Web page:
Governor Hogan bad for 2A

Well not bad.  Not good, though.  Had to sign a buncha anti gun bills I wish he'd have considered at least vetoing one or two

Whatever he is, his challenger Ben Jealous would be much worse.

I held my nose and vote for McCain back in 08.  And all he did right was pick Sarah and snarl charismatically.  I can vote for Larry Hogan.

Range 15 Oct

50 more hydra shoks, 9mm, out of the Hudson.

No malfunctions.

Trial complete.  390 rounds total in the gun, but 293 since last malfunction and corrective measure to solve that malfunction.  (Extractor tension was too fight, caused by a wire edge on the extractor hook.  Just cleaned up that arris with a single pass with a safe edge file)

For new to me guns I like to put 250 through it with no malfunction to sorta ensure it will run.  Increase my confidence in the gun.  Not a perfect system.  Perfect might be 500 or some other number.  But you gotta draw the line somewhere.  So, now I would carry it for CCW.  Am I?  Gonna carry it?  Naw.  Might make it the nightstand gun because it has a light rail and high capacity.

Now I may need to write a letter to Hudson to tell them I am pleased with their product and what I found with the extractor as my only real bother.  There are minor quibbles, but the extractor is the one worth mentioning.

Anyway, the target.   A bit better than before on the initial upper left.

And less favoring the right half.  

Man my stamina is awful. As I get tired it droops.  Gotta work on that too. 

Wednesday, October 17, 2018


The typical penalty for bringing your CCW up to the security line at Reagan National Airport?

A $3,900 fine.  But it could be up to $13,000.

Reagan National is IN Virginia.  So you can carry around the airport.  I wouldn't CCW inside, even if you don't intend to go through the line into the secure parts of the terminal.  Check your gun at the baggage counter if you are taking it with.  No holster.

One in the Chamber

Do you carry with one in the chamber?   Condition One?  Of course you do.  It's the conventional wisdom!  A well holstered pistol is perfectly fine that way.

But what about your nightstand gun?

Ok, this isn't an issue for folks that keep tomorrow pants by their bed.  Their pants with their holstered firearm there with it, ready to go.  You hear a bump you just grab your the grip of your holstered firearm.  No fuss no muss.  And it is still condition one, obviously.   I'm not talking that.

What if that isn't your habit?  Or like me, you aren't going anywhere in your state with a holstered firearm tomorrow because you live in Maryland or somesuch?

What condition is the nightstand gun?  Or the gun in the lock box on the nightstand because you have kids in the house and there is a chip in your ring that opens that box?  There is a different sort of fumble in the dark for that gun than the more-sure unholstering.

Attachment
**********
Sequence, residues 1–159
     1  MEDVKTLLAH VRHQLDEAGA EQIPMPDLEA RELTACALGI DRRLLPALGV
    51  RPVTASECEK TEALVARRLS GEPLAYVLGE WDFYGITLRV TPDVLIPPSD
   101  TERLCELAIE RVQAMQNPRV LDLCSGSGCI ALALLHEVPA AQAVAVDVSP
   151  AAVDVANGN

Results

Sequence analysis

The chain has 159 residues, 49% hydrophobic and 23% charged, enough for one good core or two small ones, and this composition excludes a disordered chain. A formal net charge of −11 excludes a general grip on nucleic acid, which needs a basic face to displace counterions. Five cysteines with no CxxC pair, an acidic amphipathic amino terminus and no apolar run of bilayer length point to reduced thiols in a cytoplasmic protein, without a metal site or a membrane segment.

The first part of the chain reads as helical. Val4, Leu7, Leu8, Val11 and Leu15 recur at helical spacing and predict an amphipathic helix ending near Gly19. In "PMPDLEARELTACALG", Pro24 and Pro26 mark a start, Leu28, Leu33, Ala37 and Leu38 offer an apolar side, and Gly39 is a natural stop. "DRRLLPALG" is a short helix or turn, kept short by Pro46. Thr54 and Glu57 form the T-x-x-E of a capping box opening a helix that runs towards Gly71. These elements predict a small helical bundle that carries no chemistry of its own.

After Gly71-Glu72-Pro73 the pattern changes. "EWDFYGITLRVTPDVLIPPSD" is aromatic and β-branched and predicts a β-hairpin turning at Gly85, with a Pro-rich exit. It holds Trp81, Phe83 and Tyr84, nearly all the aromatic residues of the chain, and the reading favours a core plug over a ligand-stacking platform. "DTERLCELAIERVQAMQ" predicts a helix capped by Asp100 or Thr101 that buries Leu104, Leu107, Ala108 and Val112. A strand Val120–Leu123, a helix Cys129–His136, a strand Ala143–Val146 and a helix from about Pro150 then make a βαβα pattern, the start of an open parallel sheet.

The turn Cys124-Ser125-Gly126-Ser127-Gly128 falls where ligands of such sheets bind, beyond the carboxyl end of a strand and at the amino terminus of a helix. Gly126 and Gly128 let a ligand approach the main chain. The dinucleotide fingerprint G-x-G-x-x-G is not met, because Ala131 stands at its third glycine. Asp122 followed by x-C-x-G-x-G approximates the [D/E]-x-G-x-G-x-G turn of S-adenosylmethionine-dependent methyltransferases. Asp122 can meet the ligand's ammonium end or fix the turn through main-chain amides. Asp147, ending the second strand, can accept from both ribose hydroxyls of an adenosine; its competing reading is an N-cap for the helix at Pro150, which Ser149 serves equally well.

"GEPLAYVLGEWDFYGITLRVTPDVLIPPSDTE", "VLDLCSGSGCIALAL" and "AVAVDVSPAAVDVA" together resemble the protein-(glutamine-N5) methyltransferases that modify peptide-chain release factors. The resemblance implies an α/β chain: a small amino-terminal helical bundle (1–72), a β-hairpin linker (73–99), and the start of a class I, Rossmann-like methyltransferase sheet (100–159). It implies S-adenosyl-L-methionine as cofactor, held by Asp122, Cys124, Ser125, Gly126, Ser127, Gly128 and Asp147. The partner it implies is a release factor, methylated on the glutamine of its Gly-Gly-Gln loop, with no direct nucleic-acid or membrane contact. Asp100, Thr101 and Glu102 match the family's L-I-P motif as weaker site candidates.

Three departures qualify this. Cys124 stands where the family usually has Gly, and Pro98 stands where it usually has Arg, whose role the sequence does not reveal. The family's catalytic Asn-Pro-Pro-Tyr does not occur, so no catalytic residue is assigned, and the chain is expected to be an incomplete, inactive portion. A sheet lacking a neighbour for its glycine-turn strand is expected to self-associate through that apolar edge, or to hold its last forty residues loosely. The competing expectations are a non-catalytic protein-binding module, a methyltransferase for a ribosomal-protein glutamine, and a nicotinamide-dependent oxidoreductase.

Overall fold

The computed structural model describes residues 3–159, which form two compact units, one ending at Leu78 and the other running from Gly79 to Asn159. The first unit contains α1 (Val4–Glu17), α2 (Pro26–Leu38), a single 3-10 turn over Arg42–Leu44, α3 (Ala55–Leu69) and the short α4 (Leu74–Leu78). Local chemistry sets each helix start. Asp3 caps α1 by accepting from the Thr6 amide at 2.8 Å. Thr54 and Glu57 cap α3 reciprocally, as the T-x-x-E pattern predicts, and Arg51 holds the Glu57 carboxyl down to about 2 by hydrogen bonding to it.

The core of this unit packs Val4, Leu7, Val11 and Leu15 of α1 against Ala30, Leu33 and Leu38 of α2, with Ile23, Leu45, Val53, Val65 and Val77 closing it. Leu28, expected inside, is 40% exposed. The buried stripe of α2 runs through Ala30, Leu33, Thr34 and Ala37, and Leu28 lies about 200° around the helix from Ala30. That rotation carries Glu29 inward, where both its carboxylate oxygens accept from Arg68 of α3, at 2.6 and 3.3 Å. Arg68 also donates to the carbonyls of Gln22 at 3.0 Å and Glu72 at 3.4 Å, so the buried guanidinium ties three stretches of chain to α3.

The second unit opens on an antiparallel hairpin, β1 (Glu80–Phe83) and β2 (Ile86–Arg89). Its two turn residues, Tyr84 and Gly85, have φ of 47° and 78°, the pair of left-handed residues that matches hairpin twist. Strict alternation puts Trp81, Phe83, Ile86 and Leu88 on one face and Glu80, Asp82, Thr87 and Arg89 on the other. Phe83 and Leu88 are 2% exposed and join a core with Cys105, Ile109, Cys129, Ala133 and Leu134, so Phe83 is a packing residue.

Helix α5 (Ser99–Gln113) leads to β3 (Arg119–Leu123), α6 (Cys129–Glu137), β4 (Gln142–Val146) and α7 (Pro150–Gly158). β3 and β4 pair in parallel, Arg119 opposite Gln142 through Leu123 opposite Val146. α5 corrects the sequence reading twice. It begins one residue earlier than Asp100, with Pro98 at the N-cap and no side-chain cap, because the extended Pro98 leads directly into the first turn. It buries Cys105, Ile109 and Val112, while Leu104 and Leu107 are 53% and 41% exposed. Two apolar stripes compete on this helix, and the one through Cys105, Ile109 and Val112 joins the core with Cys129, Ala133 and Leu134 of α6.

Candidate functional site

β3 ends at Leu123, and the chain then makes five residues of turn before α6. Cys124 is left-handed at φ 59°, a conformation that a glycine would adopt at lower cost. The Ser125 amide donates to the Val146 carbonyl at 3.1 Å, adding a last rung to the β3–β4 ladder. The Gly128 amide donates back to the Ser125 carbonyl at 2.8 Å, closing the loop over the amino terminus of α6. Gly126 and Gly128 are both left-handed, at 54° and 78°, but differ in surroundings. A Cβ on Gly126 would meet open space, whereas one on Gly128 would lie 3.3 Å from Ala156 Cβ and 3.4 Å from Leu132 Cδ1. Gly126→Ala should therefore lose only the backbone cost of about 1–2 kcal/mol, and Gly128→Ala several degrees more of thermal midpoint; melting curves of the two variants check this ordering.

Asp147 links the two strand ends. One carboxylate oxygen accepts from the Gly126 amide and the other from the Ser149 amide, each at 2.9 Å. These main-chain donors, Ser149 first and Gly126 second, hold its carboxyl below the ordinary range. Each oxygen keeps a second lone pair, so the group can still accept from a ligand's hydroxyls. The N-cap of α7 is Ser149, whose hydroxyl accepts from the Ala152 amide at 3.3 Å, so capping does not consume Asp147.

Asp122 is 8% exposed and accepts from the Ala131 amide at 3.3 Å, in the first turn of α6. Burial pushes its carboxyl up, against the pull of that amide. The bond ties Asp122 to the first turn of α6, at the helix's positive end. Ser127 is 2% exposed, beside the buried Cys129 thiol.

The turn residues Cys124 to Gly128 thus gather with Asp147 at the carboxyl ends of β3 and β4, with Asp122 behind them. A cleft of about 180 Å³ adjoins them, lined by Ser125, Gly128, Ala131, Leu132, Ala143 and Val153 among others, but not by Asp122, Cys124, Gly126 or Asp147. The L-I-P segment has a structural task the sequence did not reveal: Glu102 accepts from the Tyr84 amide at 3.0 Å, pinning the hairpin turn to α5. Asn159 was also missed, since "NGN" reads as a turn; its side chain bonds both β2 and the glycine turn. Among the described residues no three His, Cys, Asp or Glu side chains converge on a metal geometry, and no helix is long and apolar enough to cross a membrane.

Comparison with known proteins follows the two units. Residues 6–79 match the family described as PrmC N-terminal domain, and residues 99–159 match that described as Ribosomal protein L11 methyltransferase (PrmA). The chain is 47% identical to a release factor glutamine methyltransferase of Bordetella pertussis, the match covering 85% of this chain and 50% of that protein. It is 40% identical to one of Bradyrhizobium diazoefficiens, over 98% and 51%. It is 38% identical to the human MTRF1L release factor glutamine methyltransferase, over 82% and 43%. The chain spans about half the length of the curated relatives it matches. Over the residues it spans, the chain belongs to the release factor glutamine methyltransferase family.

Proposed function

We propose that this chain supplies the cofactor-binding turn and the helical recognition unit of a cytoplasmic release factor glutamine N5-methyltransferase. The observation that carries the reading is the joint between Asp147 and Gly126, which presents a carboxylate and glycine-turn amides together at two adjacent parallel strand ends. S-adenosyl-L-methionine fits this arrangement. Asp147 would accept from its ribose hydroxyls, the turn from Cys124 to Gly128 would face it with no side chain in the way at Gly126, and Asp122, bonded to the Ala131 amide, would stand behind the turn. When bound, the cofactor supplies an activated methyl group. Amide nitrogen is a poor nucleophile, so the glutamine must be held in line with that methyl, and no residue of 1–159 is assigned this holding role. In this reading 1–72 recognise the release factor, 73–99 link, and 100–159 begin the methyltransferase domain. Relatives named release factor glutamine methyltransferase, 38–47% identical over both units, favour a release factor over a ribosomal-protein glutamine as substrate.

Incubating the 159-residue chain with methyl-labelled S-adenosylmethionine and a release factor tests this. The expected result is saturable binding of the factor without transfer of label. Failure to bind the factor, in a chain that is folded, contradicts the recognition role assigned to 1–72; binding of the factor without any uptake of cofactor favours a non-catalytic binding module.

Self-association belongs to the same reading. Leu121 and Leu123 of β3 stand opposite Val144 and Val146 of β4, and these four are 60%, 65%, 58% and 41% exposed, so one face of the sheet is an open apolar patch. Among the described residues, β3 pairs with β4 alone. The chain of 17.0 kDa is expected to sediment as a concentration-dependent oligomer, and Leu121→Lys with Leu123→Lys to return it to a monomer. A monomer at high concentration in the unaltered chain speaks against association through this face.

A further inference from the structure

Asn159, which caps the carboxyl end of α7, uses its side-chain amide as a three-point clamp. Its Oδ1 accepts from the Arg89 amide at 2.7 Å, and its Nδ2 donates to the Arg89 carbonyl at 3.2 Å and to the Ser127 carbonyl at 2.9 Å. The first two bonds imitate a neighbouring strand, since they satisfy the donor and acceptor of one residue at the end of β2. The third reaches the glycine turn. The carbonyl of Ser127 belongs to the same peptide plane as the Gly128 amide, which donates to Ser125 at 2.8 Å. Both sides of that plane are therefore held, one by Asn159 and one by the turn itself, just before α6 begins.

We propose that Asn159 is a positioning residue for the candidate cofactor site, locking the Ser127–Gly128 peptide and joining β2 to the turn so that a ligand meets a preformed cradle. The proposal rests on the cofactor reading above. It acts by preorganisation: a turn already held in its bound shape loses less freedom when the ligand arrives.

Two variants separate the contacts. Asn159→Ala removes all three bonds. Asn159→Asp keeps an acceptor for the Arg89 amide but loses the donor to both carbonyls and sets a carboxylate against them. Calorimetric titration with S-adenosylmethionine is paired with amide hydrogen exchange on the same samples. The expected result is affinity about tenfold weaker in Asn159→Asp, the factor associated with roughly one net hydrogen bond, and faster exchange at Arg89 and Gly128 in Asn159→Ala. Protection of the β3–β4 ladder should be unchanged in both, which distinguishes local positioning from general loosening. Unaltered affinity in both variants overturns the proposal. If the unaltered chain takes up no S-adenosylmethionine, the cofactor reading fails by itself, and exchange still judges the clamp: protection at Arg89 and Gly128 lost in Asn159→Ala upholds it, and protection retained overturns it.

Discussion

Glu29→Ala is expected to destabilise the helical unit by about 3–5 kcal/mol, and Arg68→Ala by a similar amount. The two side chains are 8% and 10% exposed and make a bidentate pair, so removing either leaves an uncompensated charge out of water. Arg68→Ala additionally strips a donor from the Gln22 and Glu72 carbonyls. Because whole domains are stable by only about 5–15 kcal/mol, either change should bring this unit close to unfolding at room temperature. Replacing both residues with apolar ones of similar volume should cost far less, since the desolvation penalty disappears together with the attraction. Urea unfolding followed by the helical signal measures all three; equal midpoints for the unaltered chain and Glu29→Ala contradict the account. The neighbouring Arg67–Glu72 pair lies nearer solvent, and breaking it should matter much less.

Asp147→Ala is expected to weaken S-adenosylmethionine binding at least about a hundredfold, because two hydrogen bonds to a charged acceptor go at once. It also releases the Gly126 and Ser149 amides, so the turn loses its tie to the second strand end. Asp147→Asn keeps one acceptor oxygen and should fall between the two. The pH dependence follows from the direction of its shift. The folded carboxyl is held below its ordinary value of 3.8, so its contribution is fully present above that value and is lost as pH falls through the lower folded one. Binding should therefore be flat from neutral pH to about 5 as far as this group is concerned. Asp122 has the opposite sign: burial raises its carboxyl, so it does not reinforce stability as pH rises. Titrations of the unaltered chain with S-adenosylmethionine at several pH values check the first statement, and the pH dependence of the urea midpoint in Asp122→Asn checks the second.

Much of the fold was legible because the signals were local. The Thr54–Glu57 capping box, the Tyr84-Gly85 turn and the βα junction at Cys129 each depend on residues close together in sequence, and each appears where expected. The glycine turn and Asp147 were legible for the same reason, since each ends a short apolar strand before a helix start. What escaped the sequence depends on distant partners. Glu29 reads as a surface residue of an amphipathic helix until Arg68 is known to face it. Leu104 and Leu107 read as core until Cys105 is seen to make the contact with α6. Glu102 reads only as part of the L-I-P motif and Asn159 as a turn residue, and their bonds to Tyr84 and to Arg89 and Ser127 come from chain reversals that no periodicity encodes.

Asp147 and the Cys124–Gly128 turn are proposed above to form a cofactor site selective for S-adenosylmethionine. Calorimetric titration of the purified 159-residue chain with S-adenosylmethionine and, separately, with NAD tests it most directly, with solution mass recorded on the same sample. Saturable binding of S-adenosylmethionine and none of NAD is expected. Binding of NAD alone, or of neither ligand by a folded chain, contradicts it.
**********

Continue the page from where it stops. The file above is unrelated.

And this is a bump in the dark, not a jump on the street.  It is more common to need condition one when jumped than to find a prowler standing beside your bed looking down on you as you wake.  You generally have time to work the slide on the bedside nightstand gun.  Why NOT Concition 3?

Big plus, easier to make that gun ready for the range bag to go practice with it at the range.  Come home, put a magazine of self defense back ammo, and secure it in the bedside spot.

So, what condition for that kind of bedside gun?

Tuesday, October 16, 2018

Range 9 OCT

Had some holler points that I thought were Federal HST.  Nope.  Hydra Shok, 124gr.  Dang, why did I buy those?  Oh well, good for testing.

50 of those, 10 of AE 115gr to start.

  1. What?  AGAIN?  Again with the flinchies?
  2. Ok better.
  3. Even better
  4. Meh.
  5. Ok. This one I am trying to relax and be careful.  If I get to careful I over think, but I think I did ok here.  Best yet.  
  6. Not shabby, had to correct myself those two times, but I knew I did them.

Really have slipped a bit.  Revolver for a few sessions put me off my game.   I am confident I will get it all back, tho.

Monday, October 15, 2018


And this applies to more than just shooting or gunsmithing or related ephemera.

This applies to brewing beer, making a chest of drawers, wrangling 1's and 0's for a system administration job, driving a car, flying a plane, writing a book...

Everybody screws up.   Pobody's nerfect.

With some things, you screw up a lot.  Them 1's and 0's are hard to nail down and are unforgiving.  Believe me. 

When you get halfway good at something is when you start noticing and fixing the screwups before someone else notices and tells you to fix your screwups.  You are even better when you are fixing screwups on the fly, as you go.  Even BETTER is when you fix screwups and develop work efficiencies in the process that makes it seem like you went FASTER on a task than if you did it perfect and conventionally.

I've been screwing up at work a bunch, but catching myself and fixing it fast.  To my relief.  My boss has high standards but he also recognizes that people make mistakes.  He's never mad when he comes across someone fixing something, even if they mess it up.